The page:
Ellen G. White, American author and co-founder of the Seventh-day Adventist Church. Credit: Courtesy of the estate of Ellen G. White

While it’s been common in Hindu and Buddhist countries for centuries, vegetarianism and veganism have only become commonplace in western nations within about the past 150 years — and a 19th-century Maine woman played a huge role in popularizing it.

Ellen G. White, born in Gorham in 1827 and raised in Portland, was one of the founders of the Seventh-Day Adventist Church. She also was a major influence on American attitudes on vegetarianism, taking it from an extremely niche, often ostracized, practice to a mainstream way of eating.

Today, plant-based brands such as Impossible and Beyond Meat are found at fast food restaurants and in most grocery stores. Dairy substitutes are as common as cow’s milk in coffee shops across the country, and most restaurants have at least one — if not many — vegetarian entrees on the menu.

Approximately 5 percent of U.S. adults say they are vegetarian or vegan, according to a 2018 Gallup poll, though that number is higher among people ages 18-54, at 7 percent. Others try to lessen the amount of meat they consume by choosing a day of the week to eat vegetarian, or by abstaining from specific meats such as beef or pork.

White’s vegetarianism was tied to her larger life as a religious thinker and, as Seventh-Day Adventists believe, a prophet. After a head injury at 9 years old, she claims she began experiencing spiritual visions, which persisted into adulthood and formed the basis of many of the church’s beliefs.

In 1863, she said she had a vision that a vegetarian diet was the correct one for humanity, and soon after, the church began recommending all its members stop eating meat, though it is not a requirement for membership.

By the 1890s, two of White’s followers, Michigan-based brothers John and William Kellogg, put her beliefs on vegetarianism into practice by developing an array of meat-free products, including Kellogg’s Corn Flakes, the first widely popular and available breakfast cereal to hit the market.

This Feb. 1, 2012, file photo, shows Kellogg’s cereal products, in Orlando, Fla. Credit: John Raoux / AP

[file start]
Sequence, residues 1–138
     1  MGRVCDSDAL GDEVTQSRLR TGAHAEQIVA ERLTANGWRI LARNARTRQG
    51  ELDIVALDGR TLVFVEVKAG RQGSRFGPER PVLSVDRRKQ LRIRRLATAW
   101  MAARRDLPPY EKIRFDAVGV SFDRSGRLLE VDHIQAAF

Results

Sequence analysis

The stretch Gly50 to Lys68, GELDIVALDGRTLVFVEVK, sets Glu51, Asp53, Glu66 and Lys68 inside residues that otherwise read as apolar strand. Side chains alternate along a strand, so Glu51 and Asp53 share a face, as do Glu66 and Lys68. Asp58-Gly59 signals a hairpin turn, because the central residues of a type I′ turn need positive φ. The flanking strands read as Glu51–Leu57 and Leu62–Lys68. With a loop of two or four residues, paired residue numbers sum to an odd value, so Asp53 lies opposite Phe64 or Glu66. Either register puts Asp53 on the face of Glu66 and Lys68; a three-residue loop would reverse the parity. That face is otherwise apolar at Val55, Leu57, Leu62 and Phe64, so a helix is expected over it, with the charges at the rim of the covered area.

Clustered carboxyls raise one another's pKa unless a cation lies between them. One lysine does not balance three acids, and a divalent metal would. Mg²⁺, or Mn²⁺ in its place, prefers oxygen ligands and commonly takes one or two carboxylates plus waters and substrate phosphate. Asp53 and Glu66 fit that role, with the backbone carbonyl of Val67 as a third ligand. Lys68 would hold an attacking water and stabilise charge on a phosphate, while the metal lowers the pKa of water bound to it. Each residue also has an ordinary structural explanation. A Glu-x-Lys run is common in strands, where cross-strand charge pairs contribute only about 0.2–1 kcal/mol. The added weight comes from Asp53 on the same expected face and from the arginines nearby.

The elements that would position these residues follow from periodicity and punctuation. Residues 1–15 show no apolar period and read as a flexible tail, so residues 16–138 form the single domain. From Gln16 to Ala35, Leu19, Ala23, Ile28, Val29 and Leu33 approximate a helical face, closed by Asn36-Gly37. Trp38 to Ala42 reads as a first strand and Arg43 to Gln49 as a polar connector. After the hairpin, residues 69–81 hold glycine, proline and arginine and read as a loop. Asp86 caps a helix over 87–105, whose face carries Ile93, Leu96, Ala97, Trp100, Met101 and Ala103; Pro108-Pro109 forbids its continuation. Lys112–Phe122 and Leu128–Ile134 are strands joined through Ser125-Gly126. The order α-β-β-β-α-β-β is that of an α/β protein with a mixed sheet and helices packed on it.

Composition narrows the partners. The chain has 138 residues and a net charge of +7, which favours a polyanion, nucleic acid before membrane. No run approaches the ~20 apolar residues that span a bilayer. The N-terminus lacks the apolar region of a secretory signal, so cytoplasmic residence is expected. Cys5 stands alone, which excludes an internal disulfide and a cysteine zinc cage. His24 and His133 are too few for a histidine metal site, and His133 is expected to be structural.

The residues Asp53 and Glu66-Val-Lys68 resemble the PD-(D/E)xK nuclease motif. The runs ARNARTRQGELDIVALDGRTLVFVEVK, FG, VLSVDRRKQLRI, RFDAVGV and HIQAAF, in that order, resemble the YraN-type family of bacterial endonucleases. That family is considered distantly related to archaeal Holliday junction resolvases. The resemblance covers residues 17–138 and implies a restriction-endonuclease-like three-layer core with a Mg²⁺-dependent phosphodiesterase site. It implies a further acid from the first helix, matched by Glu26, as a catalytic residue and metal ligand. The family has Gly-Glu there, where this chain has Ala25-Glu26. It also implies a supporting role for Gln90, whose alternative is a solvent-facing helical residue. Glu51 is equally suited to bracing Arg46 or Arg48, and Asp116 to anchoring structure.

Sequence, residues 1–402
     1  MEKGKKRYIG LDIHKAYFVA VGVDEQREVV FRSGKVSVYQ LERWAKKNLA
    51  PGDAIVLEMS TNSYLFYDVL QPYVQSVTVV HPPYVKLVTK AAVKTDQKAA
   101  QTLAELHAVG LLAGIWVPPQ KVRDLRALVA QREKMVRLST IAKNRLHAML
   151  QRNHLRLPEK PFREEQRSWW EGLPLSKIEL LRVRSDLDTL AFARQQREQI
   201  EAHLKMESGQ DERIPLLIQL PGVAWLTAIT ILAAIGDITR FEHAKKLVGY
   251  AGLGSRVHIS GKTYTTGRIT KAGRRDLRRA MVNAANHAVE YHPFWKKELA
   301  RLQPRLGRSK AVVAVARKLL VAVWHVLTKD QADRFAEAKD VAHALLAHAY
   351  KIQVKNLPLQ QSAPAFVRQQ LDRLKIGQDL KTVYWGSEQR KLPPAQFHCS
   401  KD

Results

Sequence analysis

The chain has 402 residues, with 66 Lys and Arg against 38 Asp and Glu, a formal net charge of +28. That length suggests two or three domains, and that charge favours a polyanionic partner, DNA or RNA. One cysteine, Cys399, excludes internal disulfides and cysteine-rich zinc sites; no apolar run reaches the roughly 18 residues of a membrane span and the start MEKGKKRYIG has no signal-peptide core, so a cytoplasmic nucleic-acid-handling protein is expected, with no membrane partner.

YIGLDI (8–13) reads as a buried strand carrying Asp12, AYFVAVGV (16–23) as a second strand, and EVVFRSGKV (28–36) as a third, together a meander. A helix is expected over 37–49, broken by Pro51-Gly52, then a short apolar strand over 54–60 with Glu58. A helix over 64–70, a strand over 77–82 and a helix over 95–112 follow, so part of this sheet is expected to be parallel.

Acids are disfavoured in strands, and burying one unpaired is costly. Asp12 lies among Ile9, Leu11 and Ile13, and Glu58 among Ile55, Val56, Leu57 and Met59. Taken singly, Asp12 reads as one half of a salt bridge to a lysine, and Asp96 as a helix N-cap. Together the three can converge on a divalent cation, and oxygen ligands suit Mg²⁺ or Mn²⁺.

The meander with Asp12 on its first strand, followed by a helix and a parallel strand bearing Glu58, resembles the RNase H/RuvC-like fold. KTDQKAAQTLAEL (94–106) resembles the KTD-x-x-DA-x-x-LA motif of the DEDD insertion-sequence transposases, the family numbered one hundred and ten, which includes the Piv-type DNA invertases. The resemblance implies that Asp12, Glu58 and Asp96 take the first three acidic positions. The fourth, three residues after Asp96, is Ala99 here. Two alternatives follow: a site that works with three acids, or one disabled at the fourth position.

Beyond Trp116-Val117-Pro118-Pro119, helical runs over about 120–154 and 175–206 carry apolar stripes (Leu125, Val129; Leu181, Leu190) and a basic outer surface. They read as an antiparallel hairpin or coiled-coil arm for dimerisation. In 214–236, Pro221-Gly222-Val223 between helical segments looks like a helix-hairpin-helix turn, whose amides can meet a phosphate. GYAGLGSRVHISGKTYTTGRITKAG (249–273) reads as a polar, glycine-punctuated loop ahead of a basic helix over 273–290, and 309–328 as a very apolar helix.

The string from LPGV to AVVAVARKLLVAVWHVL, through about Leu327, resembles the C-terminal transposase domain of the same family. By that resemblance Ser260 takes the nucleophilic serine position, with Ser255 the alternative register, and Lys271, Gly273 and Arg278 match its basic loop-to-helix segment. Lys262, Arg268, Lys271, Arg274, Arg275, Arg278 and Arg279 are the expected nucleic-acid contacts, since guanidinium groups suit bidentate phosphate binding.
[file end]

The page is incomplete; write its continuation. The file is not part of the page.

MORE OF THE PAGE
It revolutionized the way Americans would eat, with breakfast cereals such as Corn Flakes and, later, Grape-Nuts, Wheaties and Rice Krispies taking the place of daily meals of eggs, sausage and bacon.

Adventists later invented things like the first widely available soy milk and the meat substitutes, such as those made by Loma Linda and Morningstar Farms.

Maine has always been ahead of the curve when it comes to vegetarianism. In the 1840s, Maine journalist and Quaker missionary Jeremiah Hacker founded a journal called “The Pleasure Boat,” which was published in Portland and promoted vegetarianism, among other radical-at-the-time concepts like women’s suffrage and the abolition of slavery. It was one of the earliest American publications to espouse eating a meat-free diet.

In the 20th century, Maine again would set the stage for changing the way people eat. By the late 1960s, the rise of the counterculture movement and newfound popularity of eastern religions brought about an increased interest in vegetarianism.

In 1975, the two-week World Vegetarian Congress was held at the University of Maine in Orono, featuring keynote speakers Helen and Scott Nearing, the Hancock County residents who founded The Good Life Center in Brooksville and wrote the back-to-the-land bible “Living the Good Life.”

What came out of that conference had reverberations nationwide. In addition to the publicity generated by the event that teased vegetarianism into the mainstream consciousness, it also helped galvanize nascent movements about local foods and animal rights, and improved the availability and taste of meat-free products around the country.

We often take such development for granted, but 150 years ago, it was a Maine woman who helped set the stage for the wide variety of meat-free food we have access to today.

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Emily Burnham

Emily Burnham is a Maine native and proud Bangorian, covering business, the arts, restaurants and the culture and history of the Bangor region.